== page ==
Every year, millions of Americans fall victim to the seasonal flu. While for some, influenza is characterized by inconvenient body aches, chills, congestion, cough, and headaches, for others— particularly seniors, young children, and adults living with other health complications, the flu can be deadly. The single best thing that you can do to protect yourself every year from contracting the flu is to get a flu shot. If you have historically been reticent to get the flu shot, perhaps because of misguidance you’ve received about possible risks and side effects, your care team is setting the record straight on the clinically proven pros and cons of obtaining the influenza vaccine.
Perhaps you feel like you’re generally healthy, and when do get sick, it’s mild. For the elderly, children, or immunocompromised relatives, contracting the flu, especially due to the novel coronavirus, could pose a health complication. By obtaining a flu vaccine, you can reduce your risk of contracting the flu, which means you reduce your risk of being a carrier and passing the virus on to someone for whom a flu diagnosis is much more severe. Even if you don’t feel that you need to obtain a flu shot, do it for your family. After all, there is nothing you wouldn’t do for those you love, right?
Overall, the flu shot is overwhelmingly safe and remains the most significant protective measure that you can take to protect yourself from getting sick this flu season. The flu vaccine includes a variety of substances, both naturally occurring and chemically based, which could be allergens for some individuals. There are alternative versions of the flu shot available that exclude certain ingredients that are known allergens for some patients. If you have never had the flu vaccine, but know that you have allergies to some food or chemical-based substances, talk to your doctor about the benefits and possible side effects to understand your options.
People miss seventeen million workdays every year due to the flu, costing businesses $7 billion in lost productivity and incurring $10 billion in medical health care costs, including hospital visits. Regardless of whether or not you are an exempt or non-exempt employee, your company needs you. Obtaining a flu vaccine will reduce your risk of contracting the flu and missing time away from your job. It also protects your co-workers from contracting the flu from you if you unknowingly carry it into the office before you experience symptoms. This safeguard means that your peers can also mitigate their risk of lost productivity and time away from the office.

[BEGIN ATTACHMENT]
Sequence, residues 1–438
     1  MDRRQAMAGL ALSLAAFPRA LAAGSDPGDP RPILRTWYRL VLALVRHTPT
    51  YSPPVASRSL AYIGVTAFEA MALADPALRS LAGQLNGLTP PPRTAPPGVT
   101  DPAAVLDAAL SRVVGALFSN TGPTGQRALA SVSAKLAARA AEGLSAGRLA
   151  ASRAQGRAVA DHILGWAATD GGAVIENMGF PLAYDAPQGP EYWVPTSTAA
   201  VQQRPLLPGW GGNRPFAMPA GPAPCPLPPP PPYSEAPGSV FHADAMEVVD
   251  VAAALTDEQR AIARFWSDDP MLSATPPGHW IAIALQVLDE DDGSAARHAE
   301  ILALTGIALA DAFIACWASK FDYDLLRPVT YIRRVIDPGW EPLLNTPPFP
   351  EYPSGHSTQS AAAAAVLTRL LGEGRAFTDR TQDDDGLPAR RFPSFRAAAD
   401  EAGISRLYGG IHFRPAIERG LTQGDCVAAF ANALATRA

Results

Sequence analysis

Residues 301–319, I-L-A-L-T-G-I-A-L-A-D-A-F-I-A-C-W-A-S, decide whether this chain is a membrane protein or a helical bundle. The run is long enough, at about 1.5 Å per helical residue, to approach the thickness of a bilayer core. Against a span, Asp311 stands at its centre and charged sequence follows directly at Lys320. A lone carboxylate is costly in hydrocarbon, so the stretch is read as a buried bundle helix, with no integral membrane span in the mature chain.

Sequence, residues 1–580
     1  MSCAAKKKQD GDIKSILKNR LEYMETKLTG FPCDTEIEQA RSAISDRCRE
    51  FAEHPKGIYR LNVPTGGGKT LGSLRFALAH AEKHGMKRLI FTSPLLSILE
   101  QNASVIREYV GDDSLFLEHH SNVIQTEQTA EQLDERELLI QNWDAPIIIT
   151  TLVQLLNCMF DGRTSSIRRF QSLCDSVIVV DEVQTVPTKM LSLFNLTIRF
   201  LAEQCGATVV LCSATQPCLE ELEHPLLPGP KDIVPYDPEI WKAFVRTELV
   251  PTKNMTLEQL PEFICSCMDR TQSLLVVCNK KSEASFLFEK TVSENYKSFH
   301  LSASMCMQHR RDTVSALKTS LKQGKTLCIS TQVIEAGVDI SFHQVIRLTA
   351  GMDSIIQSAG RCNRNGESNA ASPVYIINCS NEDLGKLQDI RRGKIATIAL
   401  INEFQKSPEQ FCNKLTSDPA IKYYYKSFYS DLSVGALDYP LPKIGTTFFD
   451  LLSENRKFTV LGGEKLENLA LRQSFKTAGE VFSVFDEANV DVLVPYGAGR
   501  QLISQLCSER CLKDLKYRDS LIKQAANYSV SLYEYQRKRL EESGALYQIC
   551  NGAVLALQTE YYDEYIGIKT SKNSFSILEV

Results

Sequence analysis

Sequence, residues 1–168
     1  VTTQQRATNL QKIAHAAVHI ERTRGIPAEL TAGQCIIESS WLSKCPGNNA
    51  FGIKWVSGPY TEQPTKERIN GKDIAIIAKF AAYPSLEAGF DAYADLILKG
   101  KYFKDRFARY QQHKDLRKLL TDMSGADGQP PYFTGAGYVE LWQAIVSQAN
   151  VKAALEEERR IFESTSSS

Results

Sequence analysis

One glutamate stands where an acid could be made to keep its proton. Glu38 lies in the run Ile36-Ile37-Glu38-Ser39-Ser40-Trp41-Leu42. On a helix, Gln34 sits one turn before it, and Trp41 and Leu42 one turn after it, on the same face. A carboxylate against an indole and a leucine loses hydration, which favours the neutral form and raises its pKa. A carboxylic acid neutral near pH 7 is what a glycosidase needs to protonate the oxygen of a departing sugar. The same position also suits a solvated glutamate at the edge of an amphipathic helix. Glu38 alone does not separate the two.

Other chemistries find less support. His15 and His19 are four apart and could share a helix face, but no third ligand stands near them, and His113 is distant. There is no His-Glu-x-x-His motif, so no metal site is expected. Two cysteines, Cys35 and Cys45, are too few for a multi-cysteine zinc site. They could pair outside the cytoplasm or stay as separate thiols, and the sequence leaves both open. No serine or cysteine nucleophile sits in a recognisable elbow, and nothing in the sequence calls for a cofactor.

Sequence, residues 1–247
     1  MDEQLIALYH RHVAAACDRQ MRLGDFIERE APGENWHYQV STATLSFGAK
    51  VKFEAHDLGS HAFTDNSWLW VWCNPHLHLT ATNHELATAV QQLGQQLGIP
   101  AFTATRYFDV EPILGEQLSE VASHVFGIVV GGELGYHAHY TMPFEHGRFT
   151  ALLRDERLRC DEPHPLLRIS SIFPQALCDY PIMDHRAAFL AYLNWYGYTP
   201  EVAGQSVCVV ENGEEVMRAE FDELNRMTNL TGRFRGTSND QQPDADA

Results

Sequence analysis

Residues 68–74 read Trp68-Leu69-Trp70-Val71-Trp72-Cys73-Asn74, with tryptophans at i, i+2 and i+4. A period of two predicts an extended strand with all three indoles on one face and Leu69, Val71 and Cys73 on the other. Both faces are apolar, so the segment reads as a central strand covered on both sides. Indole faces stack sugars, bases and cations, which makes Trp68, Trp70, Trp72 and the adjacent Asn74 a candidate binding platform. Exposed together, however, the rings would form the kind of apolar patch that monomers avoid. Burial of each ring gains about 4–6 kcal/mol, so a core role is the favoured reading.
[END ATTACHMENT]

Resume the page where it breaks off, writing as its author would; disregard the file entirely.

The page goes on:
Such discomfort includes a mild pinch and a burn at the moment of injection and a few days of some muscle soreness. This discomfort, it should be said, pales in comparison to the misery of days spent with a high fever, body aches, chills, congestion, and difficulty breathing.
In summary, obtaining the flu vaccine protects you and your loved ones from what could become a severe health complication, and keeps you at work and participating in your day-to-day activities. There is a small chance that you might experience an allergic reaction, which your doctor can help you to guard against, and you might experience mild soreness at the injection site for a few days. Overwhelmingly, it’s clear that the pros of obtaining a flu vaccine far outweigh the cons.